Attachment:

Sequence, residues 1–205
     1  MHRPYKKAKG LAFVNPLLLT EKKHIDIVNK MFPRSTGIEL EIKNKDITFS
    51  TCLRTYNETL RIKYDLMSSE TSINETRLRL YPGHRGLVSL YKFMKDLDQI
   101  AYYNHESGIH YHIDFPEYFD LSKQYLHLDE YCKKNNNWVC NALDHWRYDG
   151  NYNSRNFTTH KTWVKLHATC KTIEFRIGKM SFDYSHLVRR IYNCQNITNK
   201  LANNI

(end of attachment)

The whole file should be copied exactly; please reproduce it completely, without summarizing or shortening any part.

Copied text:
Sequence, residues 1–205
     1  MHRPYKKAKG LAFVNPLLLT EKKHIDIVNK MFPRSTGIEL EIKNKDITFS
    51  TCLRTYNETL RIKYDLMSSE TSINETRLRL YPGHRGLVSL YKFMKDLDQI
   101  AYYNHESGIH YHIDFPEYFD LSKQYLHLDE YCKKNNNWVC NALDHWRYDG
   151  NYNSRNFTTH KTWVKLHATC KTIEFRIGKM SFDYSHLVRR IYNCQNITNK
   201  LANNI